In these recessionary times, quitting a job isn’t really an option, so what does a disgruntled employee do if they hate their current role, but can’t afford to look for another one? The easiest way to make working life easier and happier is to look for ways to improve a current job. Liz Wolgemuth has some top tips on her USNews.com blog.
Making the Journey to Work a Pleasure
Getting some pleasure out of the journey to work can help make a whole day better, says Wolgemuth. Taking a book to read on the commute, or listening to an iPod or a favourite radio station while driving is a great tip. Even catching up on the news can help escape the daily drudge and keep things in perspective.
Wolgemuth also suggests making friends as a good first step, as having people around that a colleague can talk and laugh with will make the working day more bearable.
Finding Something to Treasure
Finding something at work an employee treasures is another great tip. This can be anything from a few words of praise from the boss to Friday drinks after work, to a colleague’s sense of humour or a new project that an employee has control over.
Getting on Side with the Boss
Being on good terms with the boss is vital to being able to manage workload and discussing things when the going gets tough. They may even be able to help make a job more interesting and enjoyable, or may be able to make things happen when an employee has a good idea.
Keeping quiet and accepting a bad situation is no help when an employee can actually do something about it. If they see a colleague needs a hand or an ear, they should lend it. And offering up good ideas about how to solve problems or improve processes that don’t work is also a good way to make things better. Companies want employees who are driven and visionary as they know that those employees will be happy in their work.
Employees can make themselves more valuable and widen their expertise by learning new things. Making the most of the company’s training budget and learning something new will make any job more enjoyable. Employees will be less likely to be made redundant and will be more employable in future, as well as being more useful in their current role.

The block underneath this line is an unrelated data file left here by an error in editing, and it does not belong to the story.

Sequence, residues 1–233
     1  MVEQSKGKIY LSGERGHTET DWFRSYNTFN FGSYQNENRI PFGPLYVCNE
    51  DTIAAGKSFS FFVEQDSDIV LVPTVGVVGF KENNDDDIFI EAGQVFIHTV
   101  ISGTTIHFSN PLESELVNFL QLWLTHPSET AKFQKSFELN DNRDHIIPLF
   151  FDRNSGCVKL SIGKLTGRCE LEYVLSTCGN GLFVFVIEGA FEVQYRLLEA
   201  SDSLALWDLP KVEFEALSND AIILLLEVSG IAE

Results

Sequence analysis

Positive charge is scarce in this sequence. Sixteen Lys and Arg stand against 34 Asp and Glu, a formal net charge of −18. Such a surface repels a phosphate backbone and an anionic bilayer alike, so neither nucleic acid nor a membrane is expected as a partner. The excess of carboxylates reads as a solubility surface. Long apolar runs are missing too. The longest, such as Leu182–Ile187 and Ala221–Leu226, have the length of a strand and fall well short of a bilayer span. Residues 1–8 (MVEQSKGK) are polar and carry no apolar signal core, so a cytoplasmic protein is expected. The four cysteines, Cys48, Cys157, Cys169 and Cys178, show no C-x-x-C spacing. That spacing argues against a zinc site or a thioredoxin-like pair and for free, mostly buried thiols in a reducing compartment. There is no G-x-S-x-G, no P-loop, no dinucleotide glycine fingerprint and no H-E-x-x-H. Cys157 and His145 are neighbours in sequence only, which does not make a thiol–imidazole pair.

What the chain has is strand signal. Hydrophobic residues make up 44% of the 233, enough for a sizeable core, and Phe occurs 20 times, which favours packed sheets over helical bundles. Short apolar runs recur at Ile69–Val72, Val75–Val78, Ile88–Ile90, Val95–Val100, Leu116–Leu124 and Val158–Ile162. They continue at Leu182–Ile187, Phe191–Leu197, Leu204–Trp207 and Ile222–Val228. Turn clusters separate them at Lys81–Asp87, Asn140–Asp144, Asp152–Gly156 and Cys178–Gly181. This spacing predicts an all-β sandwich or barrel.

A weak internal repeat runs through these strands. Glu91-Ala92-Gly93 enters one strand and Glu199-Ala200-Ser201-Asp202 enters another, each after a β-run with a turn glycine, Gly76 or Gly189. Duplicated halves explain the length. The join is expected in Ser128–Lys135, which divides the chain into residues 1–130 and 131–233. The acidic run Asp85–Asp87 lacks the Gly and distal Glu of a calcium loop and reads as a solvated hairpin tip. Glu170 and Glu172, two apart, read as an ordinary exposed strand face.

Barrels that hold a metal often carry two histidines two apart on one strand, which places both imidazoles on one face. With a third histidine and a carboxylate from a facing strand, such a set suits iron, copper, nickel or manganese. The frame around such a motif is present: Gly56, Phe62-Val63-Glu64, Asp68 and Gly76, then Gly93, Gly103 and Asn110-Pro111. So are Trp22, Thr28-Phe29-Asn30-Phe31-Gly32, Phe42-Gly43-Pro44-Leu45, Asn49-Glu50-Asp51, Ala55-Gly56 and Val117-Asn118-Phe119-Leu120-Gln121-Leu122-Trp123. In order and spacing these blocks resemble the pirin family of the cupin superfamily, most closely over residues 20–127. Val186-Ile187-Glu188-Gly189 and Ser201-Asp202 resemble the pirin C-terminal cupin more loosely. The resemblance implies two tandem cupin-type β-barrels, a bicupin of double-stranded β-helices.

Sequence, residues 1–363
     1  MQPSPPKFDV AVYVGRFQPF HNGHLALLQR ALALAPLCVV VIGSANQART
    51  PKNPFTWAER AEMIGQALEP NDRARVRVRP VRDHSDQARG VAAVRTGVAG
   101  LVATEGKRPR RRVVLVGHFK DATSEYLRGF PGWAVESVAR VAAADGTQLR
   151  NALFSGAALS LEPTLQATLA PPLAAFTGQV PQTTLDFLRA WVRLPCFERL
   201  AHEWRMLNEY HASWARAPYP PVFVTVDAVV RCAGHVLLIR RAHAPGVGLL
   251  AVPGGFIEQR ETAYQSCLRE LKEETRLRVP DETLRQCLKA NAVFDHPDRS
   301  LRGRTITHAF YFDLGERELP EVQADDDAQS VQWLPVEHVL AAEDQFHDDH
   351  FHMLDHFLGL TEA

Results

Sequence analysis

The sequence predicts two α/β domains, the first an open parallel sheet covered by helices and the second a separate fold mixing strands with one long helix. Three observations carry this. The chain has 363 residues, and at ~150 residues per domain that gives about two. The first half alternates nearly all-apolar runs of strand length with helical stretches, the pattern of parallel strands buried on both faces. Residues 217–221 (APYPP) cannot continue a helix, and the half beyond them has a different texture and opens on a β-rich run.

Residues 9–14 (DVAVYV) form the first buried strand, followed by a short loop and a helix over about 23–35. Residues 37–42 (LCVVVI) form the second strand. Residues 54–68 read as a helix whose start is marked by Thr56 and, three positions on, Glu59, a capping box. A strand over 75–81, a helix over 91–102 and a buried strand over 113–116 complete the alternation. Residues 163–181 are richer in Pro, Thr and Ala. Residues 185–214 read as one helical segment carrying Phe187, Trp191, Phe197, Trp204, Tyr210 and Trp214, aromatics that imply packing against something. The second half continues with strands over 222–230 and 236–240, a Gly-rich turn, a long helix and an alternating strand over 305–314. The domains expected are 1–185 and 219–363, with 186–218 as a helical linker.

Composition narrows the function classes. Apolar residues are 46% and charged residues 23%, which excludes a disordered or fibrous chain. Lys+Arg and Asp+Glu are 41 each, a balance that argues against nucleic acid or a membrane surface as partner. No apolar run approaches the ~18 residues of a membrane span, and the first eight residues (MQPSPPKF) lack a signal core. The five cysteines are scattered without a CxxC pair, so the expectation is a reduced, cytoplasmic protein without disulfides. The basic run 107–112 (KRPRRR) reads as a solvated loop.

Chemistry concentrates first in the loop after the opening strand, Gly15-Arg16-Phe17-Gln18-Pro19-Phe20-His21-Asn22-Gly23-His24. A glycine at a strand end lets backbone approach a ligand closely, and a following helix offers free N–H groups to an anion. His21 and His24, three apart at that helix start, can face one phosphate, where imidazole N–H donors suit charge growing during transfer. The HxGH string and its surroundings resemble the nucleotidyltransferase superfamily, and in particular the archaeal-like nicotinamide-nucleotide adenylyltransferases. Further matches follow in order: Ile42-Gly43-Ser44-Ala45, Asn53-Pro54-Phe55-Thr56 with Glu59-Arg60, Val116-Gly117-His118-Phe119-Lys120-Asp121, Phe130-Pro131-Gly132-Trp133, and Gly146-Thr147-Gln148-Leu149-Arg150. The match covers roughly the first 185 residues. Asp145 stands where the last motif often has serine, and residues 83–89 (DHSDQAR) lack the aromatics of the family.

Most employees can ask for time off to attend short courses or for study leave for longer courses, and also find out whether they will subsidise courses relevant to the current job. Courses are also a great place to make new contacts for future networking and job opportunities.
If employees can’t take a course, they can ask a colleague to help them up-skill in their area or mentor them while they learn on the job. Technical know-how looks good on a resume or CV and will make someone more employable in future. Broad skills, such as IT and communications skills, will also make any employee more rounded at work. Just asking whether they can help out with the company website or write something for the next newsletter will help gain these skills.
Putting A Hand Up
Employees shouldn’t be afraid to put their hands up for new projects. Volunteering shows they’re keen to develop themselves and contribute to the company, which can have other positive spin-offs. They might get the opportunity to learn leadership, project management and other skills, and will get to know more people.
Life outside work is hugely important. If all someones lives for is the 9 to 5, then any work situation will be amplified and seem much worse than it is. Regardless of what someone does for a living, it’s important to pursue their own unique set of interests, whatever they are. No job can satisfy everything someone wants from life, and good employers know that.
Personal interests are a good clue to someone’s strengths and a job should play to those strengths. If an employee knows what their strengths and interests are, they’ll be in a better position to make any job more satisfying or to look for another one.